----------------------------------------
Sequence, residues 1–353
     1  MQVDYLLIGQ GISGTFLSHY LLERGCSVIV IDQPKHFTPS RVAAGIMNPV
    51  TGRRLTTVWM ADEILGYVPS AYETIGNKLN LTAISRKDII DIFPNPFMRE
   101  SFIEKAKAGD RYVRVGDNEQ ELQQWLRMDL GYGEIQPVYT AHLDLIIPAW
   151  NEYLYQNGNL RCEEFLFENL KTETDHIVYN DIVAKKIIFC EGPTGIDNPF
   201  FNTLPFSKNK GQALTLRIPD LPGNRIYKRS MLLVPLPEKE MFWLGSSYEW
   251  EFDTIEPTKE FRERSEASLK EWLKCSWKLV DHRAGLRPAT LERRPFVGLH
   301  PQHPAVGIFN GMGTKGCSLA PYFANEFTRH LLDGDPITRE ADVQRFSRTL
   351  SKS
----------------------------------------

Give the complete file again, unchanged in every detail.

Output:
Sequence, residues 1–353
     1  MQVDYLLIGQ GISGTFLSHY LLERGCSVIV IDQPKHFTPS RVAAGIMNPV
    51  TGRRLTTVWM ADEILGYVPS AYETIGNKLN LTAISRKDII DIFPNPFMRE
   101  SFIEKAKAGD RYVRVGDNEQ ELQQWLRMDL GYGEIQPVYT AHLDLIIPAW
   151  NEYLYQNGNL RCEEFLFENL KTETDHIVYN DIVAKKIIFC EGPTGIDNPF
   201  FNTLPFSKNK GQALTLRIPD LPGNRIYKRS MLLVPLPEKE MFWLGSSYEW
   251  EFDTIEPTKE FRERSEASLK EWLKCSWKLV DHRAGLRPAT LERRPFVGLH
   301  PQHPAVGIFN GMGTKGCSLA PYFANEFTRH LLDGDPITRE ADVQRFSRTL
   351  SKS